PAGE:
Jonsson, Gunnar
    et al.
    Luleå University of Technology, Department of Arts, Communication and Education, Education, Language, and Teaching.
    Alerby, Eva
    Luleå University of Technology, Department of Arts, Communication and Education, Education, Language, and Teaching.
    I-M, Svonni
    Constitution of Cultural Identity: Sámi and mainstream children’s images of themselves and the other2011Conference paper (Refereed)
  • 8.
    Jonsson, Gunnar
    et al.
    Luleå University of Technology, Department of Arts, Communication and Education, Education, Language, and Teaching.
    Brown, Jill
    Monash University, Melbourne, VIC.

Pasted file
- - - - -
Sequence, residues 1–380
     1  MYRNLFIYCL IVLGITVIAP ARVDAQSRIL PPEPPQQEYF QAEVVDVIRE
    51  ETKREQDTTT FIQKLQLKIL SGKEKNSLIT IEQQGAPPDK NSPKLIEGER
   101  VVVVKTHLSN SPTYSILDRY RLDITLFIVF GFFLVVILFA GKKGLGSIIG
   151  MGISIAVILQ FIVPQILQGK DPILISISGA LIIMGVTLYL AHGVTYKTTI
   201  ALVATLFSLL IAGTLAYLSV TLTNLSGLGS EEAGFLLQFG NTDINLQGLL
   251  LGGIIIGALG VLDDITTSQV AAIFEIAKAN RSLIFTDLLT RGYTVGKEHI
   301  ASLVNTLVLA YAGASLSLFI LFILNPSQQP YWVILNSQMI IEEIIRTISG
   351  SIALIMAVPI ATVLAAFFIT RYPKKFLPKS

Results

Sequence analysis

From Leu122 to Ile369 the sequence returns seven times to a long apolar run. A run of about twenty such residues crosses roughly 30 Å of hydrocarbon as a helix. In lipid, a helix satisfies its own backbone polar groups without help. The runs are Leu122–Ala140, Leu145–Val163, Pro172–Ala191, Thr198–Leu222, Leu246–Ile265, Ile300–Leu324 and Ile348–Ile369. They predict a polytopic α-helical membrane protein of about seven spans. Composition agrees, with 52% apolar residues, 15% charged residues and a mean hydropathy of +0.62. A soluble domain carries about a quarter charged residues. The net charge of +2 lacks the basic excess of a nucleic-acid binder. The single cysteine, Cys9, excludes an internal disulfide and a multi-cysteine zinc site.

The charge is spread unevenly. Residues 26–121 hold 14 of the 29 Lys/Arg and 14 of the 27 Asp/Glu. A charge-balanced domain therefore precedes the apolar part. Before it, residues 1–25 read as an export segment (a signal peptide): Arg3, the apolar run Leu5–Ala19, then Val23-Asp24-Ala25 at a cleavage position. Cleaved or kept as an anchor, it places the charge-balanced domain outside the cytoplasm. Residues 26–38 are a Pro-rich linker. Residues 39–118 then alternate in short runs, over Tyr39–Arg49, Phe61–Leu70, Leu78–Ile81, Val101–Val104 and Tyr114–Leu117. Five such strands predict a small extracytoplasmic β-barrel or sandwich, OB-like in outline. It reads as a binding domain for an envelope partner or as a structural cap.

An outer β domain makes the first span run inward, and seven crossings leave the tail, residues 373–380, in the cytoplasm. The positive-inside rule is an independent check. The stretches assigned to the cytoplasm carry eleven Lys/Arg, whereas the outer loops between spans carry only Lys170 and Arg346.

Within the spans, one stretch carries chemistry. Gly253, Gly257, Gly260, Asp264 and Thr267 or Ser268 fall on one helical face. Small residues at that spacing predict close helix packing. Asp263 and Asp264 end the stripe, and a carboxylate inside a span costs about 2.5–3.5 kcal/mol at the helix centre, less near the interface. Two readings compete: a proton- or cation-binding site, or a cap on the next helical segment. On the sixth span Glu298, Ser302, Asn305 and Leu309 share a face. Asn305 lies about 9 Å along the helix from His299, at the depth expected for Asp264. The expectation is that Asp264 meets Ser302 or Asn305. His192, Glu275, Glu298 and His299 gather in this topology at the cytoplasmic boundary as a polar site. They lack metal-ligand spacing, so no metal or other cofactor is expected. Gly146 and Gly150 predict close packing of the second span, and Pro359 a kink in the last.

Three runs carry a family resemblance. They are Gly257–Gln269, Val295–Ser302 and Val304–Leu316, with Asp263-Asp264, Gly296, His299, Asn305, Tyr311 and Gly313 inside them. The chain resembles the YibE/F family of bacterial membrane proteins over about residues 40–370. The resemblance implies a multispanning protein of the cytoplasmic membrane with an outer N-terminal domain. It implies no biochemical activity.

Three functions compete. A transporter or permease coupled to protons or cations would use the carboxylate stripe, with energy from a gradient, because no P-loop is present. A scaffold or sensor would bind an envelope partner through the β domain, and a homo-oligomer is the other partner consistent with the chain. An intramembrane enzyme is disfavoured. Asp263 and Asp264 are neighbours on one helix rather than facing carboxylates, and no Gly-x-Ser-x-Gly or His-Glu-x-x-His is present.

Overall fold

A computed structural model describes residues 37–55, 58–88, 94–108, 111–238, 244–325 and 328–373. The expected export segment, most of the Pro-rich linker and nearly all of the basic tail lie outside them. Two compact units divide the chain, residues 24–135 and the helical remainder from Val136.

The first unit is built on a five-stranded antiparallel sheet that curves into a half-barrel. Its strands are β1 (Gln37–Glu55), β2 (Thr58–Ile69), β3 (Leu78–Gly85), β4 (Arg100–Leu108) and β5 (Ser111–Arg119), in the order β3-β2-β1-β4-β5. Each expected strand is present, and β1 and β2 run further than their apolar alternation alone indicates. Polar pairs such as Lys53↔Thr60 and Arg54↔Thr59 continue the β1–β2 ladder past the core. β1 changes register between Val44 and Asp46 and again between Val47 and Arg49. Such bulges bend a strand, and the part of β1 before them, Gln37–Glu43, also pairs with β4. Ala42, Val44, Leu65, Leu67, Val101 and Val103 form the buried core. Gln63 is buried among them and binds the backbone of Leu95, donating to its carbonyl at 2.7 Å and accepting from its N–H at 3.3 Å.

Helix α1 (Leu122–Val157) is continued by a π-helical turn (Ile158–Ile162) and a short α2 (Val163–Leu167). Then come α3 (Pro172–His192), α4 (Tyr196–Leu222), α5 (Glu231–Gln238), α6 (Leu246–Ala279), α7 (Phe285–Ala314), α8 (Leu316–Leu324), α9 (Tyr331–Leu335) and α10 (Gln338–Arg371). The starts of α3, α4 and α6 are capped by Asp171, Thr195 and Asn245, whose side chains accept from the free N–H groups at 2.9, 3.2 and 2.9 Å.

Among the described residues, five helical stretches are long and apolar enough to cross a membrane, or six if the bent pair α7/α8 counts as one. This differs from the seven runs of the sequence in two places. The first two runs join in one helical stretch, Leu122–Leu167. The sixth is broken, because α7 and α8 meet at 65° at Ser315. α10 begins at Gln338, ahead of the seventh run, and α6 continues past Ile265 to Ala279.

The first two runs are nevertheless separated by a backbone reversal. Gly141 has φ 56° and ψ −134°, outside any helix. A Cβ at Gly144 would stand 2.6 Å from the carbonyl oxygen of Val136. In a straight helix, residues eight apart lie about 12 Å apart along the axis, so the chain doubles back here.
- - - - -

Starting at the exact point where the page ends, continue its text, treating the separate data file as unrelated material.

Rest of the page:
Westman, Susanne
    Luleå University of Technology, Department of Arts, Communication and Education, Education, Language, and Teaching.
    Children's images of themselves and the other: using drawings in research2013Conference paper (Refereed)
  • 9.
    Jonsson, Gunnar
    et al.
    Luleå University of Technology, Department of Arts, Communication and Education, Education, Language, and Teaching.
    Eliasson, Britta
    Erstam, Camilla
    Larsson, Max
    Vi lärde oss bli bättre lärare2013Report (Other academic)
  • 10.
    Jonsson, Gunnar
    et al.
    Luleå University of Technology, Department of Arts, Communication and Education, Education, Language, and Teaching.
    Högström, Per
    Luleå University of Technology, Department of Arts, Communication and Education, Education, Language, and Teaching.
    Silent knowledge in the learners' world of experience2012Conference paper (Refereed)
    Abstract [en]